Police shut ‘one of world’s largest’ cybercrime markets
International police have shut down what they called “one of the world’s largest” online markets dealing in millions of stolen identities and account details, Europol said on Wednesday.
The global sweep targeting the Genesis Market resulted in 119 arrests, involved 17 countries and was led by the FBI and Dutch police, the EU’s policing agency said.
The operation was dubbed “Operation Cookie Monster”.
“An unprecedented law enforcement operation involving 17 countries has resulted in the takedown of Genesis Market, one of the most dangerous marketplaces selling stolen account credentials to hackers worldwide,” Europol said.
“Genesis Market listed for sale the identities of over two million people when it was shut down,” the Hague-based agency said.
Action against criminals took place in countries including Australia, Britain, Canada, the United States and more than 10 countries in Europe.
“Through the combined efforts of all the law enforcement authorities involved, we have severely disrupted the criminal cyber ecosystem by removing one of its key enablers,” said Edvardas Sileris, who heads Europol’s European Cybercrime Centre, which assisted in the operation.
The EU’s judicial agency, Eurojust, which is also based in The Hague said it was a “multi-country effort dubbed Operation Cookie Monster”.
“Genesis Market customers were located all over the world and actively purchasing stolen packages of victim data until this takedown,” it said.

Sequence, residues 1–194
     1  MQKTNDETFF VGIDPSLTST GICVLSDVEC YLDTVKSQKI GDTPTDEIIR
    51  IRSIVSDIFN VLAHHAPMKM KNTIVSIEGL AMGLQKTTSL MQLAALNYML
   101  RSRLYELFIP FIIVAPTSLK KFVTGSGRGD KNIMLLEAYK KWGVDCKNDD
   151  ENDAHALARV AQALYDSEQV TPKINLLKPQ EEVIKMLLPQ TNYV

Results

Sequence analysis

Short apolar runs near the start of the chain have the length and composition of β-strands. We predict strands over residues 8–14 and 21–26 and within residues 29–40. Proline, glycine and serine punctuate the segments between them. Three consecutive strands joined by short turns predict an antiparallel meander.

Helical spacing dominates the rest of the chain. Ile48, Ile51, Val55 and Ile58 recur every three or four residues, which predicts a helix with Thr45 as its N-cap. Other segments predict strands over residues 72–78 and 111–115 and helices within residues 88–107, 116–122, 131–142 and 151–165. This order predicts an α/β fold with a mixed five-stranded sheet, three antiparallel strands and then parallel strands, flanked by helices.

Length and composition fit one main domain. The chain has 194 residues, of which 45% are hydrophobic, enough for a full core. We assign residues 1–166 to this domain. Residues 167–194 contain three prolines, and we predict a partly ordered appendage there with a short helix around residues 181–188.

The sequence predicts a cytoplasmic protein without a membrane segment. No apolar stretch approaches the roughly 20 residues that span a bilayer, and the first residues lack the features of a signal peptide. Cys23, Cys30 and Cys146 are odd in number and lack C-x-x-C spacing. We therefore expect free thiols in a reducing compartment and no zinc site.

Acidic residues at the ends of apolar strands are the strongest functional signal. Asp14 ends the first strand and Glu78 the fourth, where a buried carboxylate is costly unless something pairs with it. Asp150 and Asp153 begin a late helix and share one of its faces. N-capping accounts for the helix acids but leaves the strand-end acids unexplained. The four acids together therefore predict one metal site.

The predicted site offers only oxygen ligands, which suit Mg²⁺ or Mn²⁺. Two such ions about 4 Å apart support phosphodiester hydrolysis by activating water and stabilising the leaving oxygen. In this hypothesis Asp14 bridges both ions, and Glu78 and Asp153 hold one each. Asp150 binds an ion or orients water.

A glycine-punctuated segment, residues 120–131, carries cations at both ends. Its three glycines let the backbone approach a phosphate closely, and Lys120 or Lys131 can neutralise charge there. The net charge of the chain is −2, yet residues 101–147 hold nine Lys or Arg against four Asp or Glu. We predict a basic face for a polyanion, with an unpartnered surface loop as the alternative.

– ‘Invitation only’ –
Britain’s National Crime Agency said 24 people were arrested in Britain. Another 17 people were arrested in The Netherlands.
Europol said the Genesis Market offered “bots” for sale that had infected victims’ devices through malware or other methods.
“Upon purchase of such a bot, criminals would get access to all the data harvested by it such as fingerprints, cookies, saved logins and autofill form data,” it said.
The information was collected in real-time so buyers would be notified of any change of passwords.
Unlike so-called “dark web” services, Genesis was available on the open web “although obscured from law enforcement behind an invitation-only veil”, the agency said.
“Its accessibility and cheap prices greatly lowered the barrier of entry for buyers, making it a popular resource among hackers.”
The closure of the Genesis Market comes after a number of cyber crackdowns involving Europol.
In April 2022 it said international investigators had shut down “Raidforums”, a massive online forum that sold access to hacked databases stolen from US corporations.
In 2021 it announced the disrupting of the “world’s most dangerous” cybercrime malware tool used to break into computer systems, called EMOTET.